Sunday, March 22, 2009

Herman's Hermits - Hold On (1966)

Herman's Hermits were one of those odd 1960's groups that accumulated millions of fans, but precious little respect. Indeed, their status is remarkably similar to that of the Monkees and it's not a coincidence that both groups' music was intended to appeal to younger teenagers. The difference is that as early as 1976, the Monkees began to be considered cool by people who really knew music; it has taken 35 years for Herman's Hermits to begin receiving higher regard for their work. Of course, that lack of respect had no relevance to their success: 20 singles lofted into the Top 40 in England and America between 1964 and 1970, 16 of them in the Top 20, and most of those Top Ten as well. Artistically, they were rated far lower than the Hollies, ... Read More...

01-Hold on02-The George And Dragon03-Got A Feeling04-Wild Love05-Leaning on a lamp post06-Where Were You When I Needed You07-All TheThings I Do For You Baby08-Gotta Get Away09-Make Me Happy10-A must to avoid
Reviewby Joe Viglione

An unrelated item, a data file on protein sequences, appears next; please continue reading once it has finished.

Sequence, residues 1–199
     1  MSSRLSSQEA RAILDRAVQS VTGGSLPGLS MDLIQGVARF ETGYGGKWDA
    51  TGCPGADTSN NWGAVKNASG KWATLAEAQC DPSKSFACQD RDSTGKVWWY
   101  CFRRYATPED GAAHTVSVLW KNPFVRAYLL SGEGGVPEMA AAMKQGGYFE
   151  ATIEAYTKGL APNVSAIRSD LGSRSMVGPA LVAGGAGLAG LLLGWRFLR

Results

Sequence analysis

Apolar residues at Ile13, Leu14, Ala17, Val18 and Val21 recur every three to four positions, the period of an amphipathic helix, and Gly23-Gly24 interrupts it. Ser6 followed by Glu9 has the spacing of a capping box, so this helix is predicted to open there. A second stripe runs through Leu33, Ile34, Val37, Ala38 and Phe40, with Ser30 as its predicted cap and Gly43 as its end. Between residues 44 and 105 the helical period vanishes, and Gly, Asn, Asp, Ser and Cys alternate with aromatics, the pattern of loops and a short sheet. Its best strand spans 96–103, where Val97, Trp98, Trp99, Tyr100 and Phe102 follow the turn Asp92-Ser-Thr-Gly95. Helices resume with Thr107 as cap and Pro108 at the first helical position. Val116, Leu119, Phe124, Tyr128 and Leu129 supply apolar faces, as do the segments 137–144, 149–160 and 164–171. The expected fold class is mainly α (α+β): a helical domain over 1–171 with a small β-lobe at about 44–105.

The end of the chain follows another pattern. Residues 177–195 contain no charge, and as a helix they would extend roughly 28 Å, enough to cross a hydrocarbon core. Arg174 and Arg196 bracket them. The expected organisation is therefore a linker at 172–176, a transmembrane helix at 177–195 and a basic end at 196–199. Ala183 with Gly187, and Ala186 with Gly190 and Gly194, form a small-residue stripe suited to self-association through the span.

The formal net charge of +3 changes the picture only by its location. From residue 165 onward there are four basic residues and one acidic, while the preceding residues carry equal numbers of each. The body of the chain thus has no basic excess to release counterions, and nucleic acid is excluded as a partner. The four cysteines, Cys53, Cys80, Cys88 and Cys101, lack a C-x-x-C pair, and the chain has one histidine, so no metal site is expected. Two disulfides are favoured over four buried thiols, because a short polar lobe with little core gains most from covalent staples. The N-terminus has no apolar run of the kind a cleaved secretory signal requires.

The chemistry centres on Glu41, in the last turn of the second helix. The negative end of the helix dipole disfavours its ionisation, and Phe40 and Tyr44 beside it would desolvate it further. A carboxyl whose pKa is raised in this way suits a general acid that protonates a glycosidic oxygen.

More than another Herman's Hermits album with two hit songs, "Leaning on the Lamp Post" and "A Must to Avoid," this MGM soundtrack features the original version of "Where Were You When I Needed You," the first of 14 hits for the Grass Roots, which landed in the Top 30 four months after Peter Noone sang it. This version, like everything here, sounds very British Invasion, Mickey Most's production emulating early Beatles. Four of the tunes, including the title track "Hold On" and the hit "A Must to Avoid," were written by the team of Steve Bai and P.F. Sloan, the original pairing which helped launch the Grass Roots. This is the West Coast meeting the U.K. in a very pleasant way, and the combination is impressive. Five of the lesser tunes were penned by F. Kargor/B. Weisman/S. Wayne, including the best of that bunch, "Make Me Happy," sung by actress Shelley Fabares. Fabares hit with the song "Johnny Angel" in 1962, and this has that same pop feel. Credited as Shelley Fabares with Herman's Hermits, it is basically Fabares solo with the same backing musicians, presumably, that Noone utilized. Fabares was married for a time to Lou Adler, who was also involved with the Grass Roots, the forces at play creating a unique blend of pop styles for the soundtrack to this '60s film. Peter Noone injects more of that pop into "Where Were You When I Needed You," the thin guitar and boisterous backing vocals making for a great party cut, much different from the Grass Roots' hit. "Leaning on the Lamp Post" is not as strong as "A Must to Avoid," but was a genuine hit as well. No songwriter listed here, "Leaning on the Lamp Post" is credited to a songwriter named Gay on The Best of Herman's Hermits, Vol. 2, where it was reissued along with "A Must to Avoid" and the title track, "Hold On." A short but fun disc, and essential for the fans of Peter Noone.
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